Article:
TIGA, the network for video games developers and digital publishers and the trade association representing the video games industry, released new data showing that over the last five years the focus of UK studios has moved away from mobile towards other platforms. In the year to November 2018, 40 per cent of UK studios were primarily focused on mobile, down from 49 per cent in 2013.
TIGA also released the following new information:
- PC (comprising retail and online PC games, social network games and massively multiplayer online games) was the primary platform category of choice for 36 per cent of UK studios (up from 34 per cent in 2013).
- Console platforms (comprising console and handheld retail and download categories) remains mostly confined to larger studios with 15 per cent of UK studios focused on developing for these platforms (compared to 16 per cent in 2013).
- VR/AR is the primary focus of 8 per cent of studios (up from 2 per cent in March 2016).
- The console category remains the largest employer of development staff by far, representing 47 per cent of developer and publisher studios’ creative staff. PC accounts for 26 per cent of development staff, mobile represents 22 per cent and VR/AR 4 per cent. Console’s dominance of development staff numbers reflects the UK’s long and successful history as one of the leading console games development nations, new opportunities as consoles upgrade or launch mid-cycle and the substantially higher average budgets and team sizes necessary for console games development.
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TIGA CEO Dr Richard Wilson, OBE, said:
“Mobile remains the most popular platform for UK games studios, but the proportion of UK development studios focused primarily on this category fell from 49 per cent in 2013 to 40 per cent in 2018. Mobile’s allure has faded to some degree because the App stores are flooded with games, leading to huge discoverability and competitive challenges.
“PC remains in second place, with 36 per cent of studios adopting it as their primary platform choice. The PC market is relatively less competitive than mobile: for example, Steam houses approximately 30,000 titles versus over 800,000 on iOS alone. The appeal of PC for developers has also been strengthened by the increasing competition in the PC distribution market between Steam, Epic’s Game Store, Discord and Kongregate’s Kartridge store. This competition is lowering costs for PC developers.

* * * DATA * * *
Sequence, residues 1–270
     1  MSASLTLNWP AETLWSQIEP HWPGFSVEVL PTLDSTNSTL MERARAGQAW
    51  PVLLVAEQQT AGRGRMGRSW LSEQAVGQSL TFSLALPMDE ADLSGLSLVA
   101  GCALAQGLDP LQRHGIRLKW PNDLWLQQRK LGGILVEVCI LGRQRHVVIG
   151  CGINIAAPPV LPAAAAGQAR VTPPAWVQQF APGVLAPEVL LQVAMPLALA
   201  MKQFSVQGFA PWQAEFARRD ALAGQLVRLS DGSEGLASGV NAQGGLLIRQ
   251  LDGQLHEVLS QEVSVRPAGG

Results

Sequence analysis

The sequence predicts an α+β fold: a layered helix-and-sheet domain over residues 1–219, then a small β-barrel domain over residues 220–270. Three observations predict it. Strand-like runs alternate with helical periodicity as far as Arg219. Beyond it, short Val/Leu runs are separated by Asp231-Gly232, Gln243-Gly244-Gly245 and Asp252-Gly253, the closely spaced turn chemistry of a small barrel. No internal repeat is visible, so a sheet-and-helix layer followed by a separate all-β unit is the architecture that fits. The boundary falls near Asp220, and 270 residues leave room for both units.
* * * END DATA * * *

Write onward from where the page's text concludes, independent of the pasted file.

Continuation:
“14 per cent of UK studios are focused mainly on console development. This category remains the largest employer of development staff by a long chalk, employing nearly half of all UK development staff. This confirms the UK’s well established reputation as one of the leading console games development nations and the significantly higher resources and teams required for console games development.
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“The popularity of Virtual and Augmented Reality amongst UK studios has increased markedly over the last three years. 8 per cent of all UK studios are now focused on VR and AR, up from just 2 per cent in 2016.”
Jason Kingsley OBE, CEO and Creative Director at Rebellion, which develops games for mobile, PC, console and VR platforms, commented:
“The UK developers can create games for an increasingly wide choice of platforms. Different platforms bring different challenges. It is relatively easy to develop games for mobile, but the market is highly competitive and discoverability is difficult. PC and console provide greater opportunities to build stable businesses, but the cost of game development is higher in comparison to mobile. VR and AR attract significant media attention and investment, but the degree of consumer demand is uncertain. It will be fascinating to see how UK developers create content and build businesses around these different platforms.”
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